Thursday, January 15, 2015
The era of Syriza
January 17, 2015
Europe's leaders are often accused of having learned nothing from the euro crisis. But if the run-up to Greece’s election on January 25th has proved anything, it is that politicians have become masters in the dark arts of expectation management. Syriza, a far-left party which polls suggest is likely to win, tells voters it will end the era of austerity, while assuring German taxpayers that it seeks no quarrel with them. German officials quietly tell reporters they are prepared to see Greece leave the euro, while professing the opposite in public. Any vaguely relevant remark by a European Union politician is multiply parsed for subtext or double meaning. Greeks may be forgiven for thinking they need a degree in game theory to decide how to vote.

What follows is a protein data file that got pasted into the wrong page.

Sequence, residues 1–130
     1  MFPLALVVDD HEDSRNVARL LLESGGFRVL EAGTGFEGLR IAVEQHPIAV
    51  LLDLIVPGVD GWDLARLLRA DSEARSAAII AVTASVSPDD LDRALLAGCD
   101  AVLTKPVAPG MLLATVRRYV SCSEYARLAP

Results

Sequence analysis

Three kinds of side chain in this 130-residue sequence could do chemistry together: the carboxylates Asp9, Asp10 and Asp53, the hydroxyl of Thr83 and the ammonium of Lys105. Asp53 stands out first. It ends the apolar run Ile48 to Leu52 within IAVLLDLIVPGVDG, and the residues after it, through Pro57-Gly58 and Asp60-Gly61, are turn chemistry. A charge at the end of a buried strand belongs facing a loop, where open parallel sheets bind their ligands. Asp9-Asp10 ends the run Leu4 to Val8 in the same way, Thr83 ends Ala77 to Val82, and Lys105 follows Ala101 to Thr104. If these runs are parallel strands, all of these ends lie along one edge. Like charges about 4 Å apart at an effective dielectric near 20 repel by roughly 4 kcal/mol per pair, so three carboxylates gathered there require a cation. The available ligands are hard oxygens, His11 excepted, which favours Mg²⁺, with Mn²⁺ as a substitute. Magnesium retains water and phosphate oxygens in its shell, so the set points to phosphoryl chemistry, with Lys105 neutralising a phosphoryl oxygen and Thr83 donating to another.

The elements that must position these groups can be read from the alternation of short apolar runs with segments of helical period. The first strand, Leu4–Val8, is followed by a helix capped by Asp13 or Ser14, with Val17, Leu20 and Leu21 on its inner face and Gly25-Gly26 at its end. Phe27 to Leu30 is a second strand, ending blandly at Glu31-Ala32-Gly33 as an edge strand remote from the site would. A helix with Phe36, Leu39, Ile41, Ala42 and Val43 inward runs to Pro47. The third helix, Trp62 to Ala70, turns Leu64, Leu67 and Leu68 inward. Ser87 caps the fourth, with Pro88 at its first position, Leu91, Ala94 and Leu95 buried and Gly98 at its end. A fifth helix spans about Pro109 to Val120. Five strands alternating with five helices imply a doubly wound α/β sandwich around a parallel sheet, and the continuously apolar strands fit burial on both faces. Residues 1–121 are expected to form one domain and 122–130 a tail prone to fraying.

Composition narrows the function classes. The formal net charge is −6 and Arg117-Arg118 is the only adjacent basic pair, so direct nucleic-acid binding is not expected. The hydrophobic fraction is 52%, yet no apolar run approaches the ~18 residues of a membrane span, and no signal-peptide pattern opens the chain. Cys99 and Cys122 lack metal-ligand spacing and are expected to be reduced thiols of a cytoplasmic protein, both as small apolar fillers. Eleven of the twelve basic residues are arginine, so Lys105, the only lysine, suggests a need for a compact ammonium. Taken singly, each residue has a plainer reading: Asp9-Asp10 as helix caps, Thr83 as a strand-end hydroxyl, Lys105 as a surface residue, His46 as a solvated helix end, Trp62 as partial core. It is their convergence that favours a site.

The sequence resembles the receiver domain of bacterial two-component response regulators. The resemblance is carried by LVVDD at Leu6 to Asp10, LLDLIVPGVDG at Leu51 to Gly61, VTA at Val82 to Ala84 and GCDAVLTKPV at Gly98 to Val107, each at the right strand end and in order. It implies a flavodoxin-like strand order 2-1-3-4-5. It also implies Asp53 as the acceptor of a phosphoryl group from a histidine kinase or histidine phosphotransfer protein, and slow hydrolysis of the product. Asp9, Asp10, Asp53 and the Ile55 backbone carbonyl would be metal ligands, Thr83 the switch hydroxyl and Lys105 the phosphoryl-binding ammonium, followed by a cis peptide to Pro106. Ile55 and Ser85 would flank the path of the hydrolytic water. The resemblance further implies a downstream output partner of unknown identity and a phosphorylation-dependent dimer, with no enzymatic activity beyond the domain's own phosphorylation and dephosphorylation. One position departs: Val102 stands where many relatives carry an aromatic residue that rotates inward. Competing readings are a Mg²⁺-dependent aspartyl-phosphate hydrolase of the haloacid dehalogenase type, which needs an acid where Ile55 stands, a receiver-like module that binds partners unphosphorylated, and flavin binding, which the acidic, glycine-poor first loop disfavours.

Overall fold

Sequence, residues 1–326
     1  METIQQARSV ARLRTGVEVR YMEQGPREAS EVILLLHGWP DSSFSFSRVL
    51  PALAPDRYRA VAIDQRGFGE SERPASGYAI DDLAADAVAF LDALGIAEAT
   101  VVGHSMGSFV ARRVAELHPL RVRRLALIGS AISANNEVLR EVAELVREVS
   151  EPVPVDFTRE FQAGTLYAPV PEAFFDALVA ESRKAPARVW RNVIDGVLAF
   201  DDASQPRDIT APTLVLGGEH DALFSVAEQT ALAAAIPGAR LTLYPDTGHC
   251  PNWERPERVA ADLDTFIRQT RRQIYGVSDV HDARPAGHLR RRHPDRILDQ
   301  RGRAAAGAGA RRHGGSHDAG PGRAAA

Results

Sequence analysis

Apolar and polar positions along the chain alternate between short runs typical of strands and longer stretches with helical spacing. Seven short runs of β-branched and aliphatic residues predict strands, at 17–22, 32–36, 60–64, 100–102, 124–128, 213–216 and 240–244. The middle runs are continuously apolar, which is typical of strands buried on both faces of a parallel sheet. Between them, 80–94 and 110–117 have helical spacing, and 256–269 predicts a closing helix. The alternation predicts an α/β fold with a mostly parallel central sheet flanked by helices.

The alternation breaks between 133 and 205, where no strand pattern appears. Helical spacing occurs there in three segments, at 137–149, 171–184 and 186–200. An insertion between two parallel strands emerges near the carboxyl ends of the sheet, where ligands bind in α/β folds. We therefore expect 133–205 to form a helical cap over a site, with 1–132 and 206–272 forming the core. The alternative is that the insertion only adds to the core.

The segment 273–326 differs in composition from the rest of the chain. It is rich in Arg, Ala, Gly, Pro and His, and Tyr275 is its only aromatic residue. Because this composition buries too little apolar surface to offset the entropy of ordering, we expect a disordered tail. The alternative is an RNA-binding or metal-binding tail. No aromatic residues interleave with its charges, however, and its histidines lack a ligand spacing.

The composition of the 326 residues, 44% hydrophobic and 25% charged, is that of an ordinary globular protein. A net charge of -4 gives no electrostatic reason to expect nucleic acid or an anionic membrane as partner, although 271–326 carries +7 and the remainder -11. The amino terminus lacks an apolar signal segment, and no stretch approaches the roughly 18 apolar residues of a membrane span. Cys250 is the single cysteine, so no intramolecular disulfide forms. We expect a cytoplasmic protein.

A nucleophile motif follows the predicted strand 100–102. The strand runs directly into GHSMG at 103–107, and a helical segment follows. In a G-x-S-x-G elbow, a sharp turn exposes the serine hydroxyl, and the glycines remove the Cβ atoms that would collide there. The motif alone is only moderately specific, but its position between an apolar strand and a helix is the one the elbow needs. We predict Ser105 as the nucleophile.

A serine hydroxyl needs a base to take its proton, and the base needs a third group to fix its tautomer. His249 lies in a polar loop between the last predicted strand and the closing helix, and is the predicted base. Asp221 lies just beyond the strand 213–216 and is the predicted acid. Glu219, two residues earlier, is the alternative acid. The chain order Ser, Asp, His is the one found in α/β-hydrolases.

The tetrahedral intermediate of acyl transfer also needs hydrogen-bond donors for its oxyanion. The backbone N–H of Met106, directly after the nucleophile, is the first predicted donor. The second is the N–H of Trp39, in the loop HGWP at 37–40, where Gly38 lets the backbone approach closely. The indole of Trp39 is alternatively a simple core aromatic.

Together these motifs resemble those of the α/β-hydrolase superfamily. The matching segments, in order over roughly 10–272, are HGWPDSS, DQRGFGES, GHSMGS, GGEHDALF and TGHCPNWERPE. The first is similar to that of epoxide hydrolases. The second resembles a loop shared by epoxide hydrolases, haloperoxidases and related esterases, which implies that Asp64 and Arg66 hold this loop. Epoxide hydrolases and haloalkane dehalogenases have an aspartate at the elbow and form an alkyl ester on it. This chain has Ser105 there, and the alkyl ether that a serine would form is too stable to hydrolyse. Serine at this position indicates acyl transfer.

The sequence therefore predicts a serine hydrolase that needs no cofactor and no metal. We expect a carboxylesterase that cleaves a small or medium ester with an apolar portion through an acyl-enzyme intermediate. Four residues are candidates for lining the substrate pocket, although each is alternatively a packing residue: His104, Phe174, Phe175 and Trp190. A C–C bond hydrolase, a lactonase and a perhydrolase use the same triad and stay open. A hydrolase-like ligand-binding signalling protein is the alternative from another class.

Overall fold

After six years of recession, five under the tutelage of the hated “troika” (the European Commission, the European Central Bank and the IMF), Greece’s future in the euro is again in question. Alexis Tsipras, Syriza’s fiery young leader, promises a panoply of feel-good policies, including tax cuts and a public-sector hiring spree, and a slashing of Greece’s debt load, which stands at over 170% of GDP. But such pledges seem at odds with those made by Greek governments in exchange for the bail-outs that have kept Greece in the single currency. Greek bond yields have spiked, and there are worrying signs of deposit outflows from banks.